• 4. • The personnel division uses demand forecasts in estimating future workforce requirements. • The operations of the purchasing, shipping and receival divisions are affected by demand levels because these levels determine the volume of throughput. • The finance and accounting divisions use demand forecasts in setting budgets. • Demand forecasts are essential for effective strategic and tactical marketing management. • Last but not least, a role not mentioned by Bagozzi is the increasingly important function of consumers as innovators in a firm’s R&D process. Japanese electronics firms have greatly improved existing product performance by responding to consumers’ ideas. The concept of demand You need to ensure you understand the following concepts in demand estimation: • the demand function, i.e., the relationship between product price and the quantity of the product demanded • causes of shifts in consumer demand, which may be endogenous to, and controllable by, the firm (marketing mix variables), or exogenous to the marketing system and beyond the influence of marketing management of the firm (e.g., economic conditions and cultural values of consumers) • marketing effort, reflected in the relationship between level of sales and variables endogenous to the firm • industry demand, being the summation of demand by consumers for products of all firms in an industry • market forecast, which is some future volume of sales achievable in an industry for a given marketing effort and specified product price • timing, reflecting different needs of a firm for demand estimation according to the stage in its life cycle reached by the product being marketed. Beware of a conceptual error made often where demand is equated with sales. Sales are the outcome of the interaction of demand and supply forces. Sales data can give a reasonable idea of demand if you simultaneously examine price data. Methods of estimating consumer demand Kotler et al. (2009, pp. 114–121) present several common ways of forecasting demand, such as buyers’ survey, expert opinion, test-market method, and time series analysis. Bagozzi outlines the methods of estimating consumer demand from a different angle. He classifies the forecasting methods into three categories: heuristic, subjective and objective. As a general comment on the methods, there is little of the rigour one would expect in an advanced econometrics course, with the exception of some objective estimation methods (particularly time series analysis and multiple regression analysis). Nevertheless, this pragmatic approach has proven to be cost- and time-effective in giving at least rough order of magnitude estimates that business firms can use. _______________________________________________________________________________________________________________________________________ 4 / Marketing Management > Marketing Research © uneOpen, all rights reserved
  • 5. Heuristic estimation methods Heuristic methods of estimating demand are those which are based on no theoretical grounds but depend on inductive reasoning from past experience and observations of similar situations. They are often termed rule-of-thumb methods. Their main usefulness is in the information they give on market potential. Bagozzi (1986, pp. 287–294) discusses and assesses three heuristic methods of demand estimation: • The chain ratio method is a method of decomposing aggregate demand according to stipulated criteria to arrive at the demand for a particular brand of product in a particular market. • The standard industrial classification (SIC) method is based on the classification of industries that exist in a specific area to work out the market potential for a product, usually an industrial product; and • The index of buying power method estimates the purchasing power of a market on the basis of retail sales and two major demand shifters—population and income. It is particularly useful for estimating the demand for mass consumption goods. Subjective estimation methods The three subjective methods for estimating demand are more empirically based and more specific to particular product and firm situations than heuristic methods in that they give more direct estimates of demand for a particular firm’s products. The first method is the Delphi method. This entails the anonymous elicitation of opinions and judgments about demand for a product from a small group of people, usually experts in marketing, until a consensus is reached. After each round, the median result is communicated to individuals in the group who can then revise their answers. In the second method, the sales force composite method, reliance is placed on the sales force for estimates of sales in their area and then a composite picture is drawn up from these estimates for the total sales potential of a product for the firm. Thirdly, demand estimation through buyer intentions is used to obtain the purchase intentions of a sample of consumers. While this would seem to be the subjective method most likely to give an accurate picture of consumers’ purchase activities, it is difficult to elicit accurately buyers’ intentions and they often do not approximate actual purchases. Sophisticated techniques have been developed in recent years to alleviate these difficulties. Objective methods of demand estimation The most common and simplest of objective methods of demand estimation are those that extrapolate from historical data on sales. These vary from naive measures and linear trends and trends adjusted for seasonality and business cycles to more sophisticated time series analysis such as Box-Jenkins, multivariate and co-integration methods. These methods of time series analyses have been criticised for being theoretical. Other econometric methods based on economic theory and using multiple regression analysis have also been used. _______________________________________________________________________________________________________________________________________ 5 / Marketing Management > Marketing Research © uneOpen, all rights reserved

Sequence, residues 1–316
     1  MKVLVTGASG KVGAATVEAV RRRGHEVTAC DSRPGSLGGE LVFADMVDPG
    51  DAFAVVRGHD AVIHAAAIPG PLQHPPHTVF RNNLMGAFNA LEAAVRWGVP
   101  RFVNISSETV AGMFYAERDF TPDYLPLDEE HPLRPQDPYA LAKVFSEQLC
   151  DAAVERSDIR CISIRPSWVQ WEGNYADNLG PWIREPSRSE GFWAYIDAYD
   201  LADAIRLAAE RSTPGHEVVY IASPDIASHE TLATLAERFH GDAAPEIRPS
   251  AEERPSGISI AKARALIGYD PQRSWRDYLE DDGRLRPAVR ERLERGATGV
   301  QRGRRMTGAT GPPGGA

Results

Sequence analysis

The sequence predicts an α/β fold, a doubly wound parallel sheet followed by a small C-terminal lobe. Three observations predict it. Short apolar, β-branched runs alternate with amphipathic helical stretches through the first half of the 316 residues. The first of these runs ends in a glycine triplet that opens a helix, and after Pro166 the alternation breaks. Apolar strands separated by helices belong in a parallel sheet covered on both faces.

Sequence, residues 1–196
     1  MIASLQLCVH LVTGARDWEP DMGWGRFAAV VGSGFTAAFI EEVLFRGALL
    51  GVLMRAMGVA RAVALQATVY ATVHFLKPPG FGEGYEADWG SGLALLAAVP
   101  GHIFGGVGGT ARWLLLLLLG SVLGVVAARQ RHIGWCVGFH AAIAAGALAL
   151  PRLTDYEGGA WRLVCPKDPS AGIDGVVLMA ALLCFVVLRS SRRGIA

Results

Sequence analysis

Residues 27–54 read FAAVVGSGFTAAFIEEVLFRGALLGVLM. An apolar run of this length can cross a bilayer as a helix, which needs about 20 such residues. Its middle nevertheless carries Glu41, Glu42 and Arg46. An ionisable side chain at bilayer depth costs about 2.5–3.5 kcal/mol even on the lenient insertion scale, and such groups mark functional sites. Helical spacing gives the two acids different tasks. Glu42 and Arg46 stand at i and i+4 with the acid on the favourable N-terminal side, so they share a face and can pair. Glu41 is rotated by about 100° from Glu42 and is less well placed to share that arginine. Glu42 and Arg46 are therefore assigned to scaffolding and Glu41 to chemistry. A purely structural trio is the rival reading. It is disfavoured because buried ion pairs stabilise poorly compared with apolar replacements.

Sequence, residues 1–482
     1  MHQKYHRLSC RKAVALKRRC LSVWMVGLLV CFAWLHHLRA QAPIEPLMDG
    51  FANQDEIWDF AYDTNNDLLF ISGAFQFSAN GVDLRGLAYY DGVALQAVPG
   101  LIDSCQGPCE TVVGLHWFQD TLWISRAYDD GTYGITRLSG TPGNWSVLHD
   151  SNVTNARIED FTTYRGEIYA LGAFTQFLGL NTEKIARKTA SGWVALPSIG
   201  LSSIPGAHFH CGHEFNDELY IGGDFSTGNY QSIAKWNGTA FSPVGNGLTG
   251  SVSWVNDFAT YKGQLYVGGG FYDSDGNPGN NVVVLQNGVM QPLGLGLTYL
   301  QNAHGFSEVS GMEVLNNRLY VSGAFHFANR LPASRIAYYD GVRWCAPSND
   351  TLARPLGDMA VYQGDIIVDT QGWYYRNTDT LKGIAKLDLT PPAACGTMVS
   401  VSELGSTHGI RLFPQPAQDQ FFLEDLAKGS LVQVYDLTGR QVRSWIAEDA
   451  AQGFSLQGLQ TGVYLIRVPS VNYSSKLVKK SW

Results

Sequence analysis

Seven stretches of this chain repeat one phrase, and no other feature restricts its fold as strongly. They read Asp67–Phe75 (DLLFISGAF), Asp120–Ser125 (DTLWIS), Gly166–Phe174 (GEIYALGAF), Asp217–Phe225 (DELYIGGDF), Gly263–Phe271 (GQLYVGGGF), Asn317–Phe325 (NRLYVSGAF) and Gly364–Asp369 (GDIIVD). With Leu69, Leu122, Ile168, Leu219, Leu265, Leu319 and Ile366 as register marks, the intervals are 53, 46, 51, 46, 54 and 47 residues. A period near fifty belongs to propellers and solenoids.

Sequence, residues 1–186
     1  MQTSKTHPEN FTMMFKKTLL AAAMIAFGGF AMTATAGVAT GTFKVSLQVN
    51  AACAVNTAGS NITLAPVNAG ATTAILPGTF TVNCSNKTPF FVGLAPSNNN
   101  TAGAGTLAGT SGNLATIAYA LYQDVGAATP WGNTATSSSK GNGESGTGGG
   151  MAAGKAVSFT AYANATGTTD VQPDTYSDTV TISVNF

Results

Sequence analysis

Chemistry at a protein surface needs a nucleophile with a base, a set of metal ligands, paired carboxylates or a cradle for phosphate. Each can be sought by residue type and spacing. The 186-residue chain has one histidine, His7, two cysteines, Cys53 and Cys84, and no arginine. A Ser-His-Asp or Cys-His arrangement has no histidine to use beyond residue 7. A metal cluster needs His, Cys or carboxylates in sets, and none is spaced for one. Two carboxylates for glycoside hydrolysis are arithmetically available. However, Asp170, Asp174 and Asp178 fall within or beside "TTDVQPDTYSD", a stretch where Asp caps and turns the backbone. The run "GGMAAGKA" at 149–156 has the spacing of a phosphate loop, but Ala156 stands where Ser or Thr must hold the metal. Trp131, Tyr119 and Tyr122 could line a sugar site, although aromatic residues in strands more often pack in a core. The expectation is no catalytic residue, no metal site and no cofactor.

• 6. Ethics in marketing research In recent years, some of the methods used in marketing research have come under critical scrutiny. Several significant changes in ethical judgments have been recently observed in the USA (Aaker, Kumar & Day, 2001). References Aaker, D. A., Kumar, V., & Day, G. S. (2001). Marketing research. (7th ed.). John Wiley & Sons, Inc. Bagozzi, R. P. (1986). Principles of marketing management, New York: Macmillan. Garda, R. A. (1988). AMA task force report: comment. Journal of Marketing, 52(4), 32–41. Kinnear, T. C., & Taylor J. R. (1996). Marketing research: an applied approach, McGraw-Hill Inc. Kotler et al. 2009. Marketing 8ed. Pearson Education. _______________________________________________________________________________________________________________________________________ 6 / Marketing Management > Marketing Research © uneOpen, all rights reserved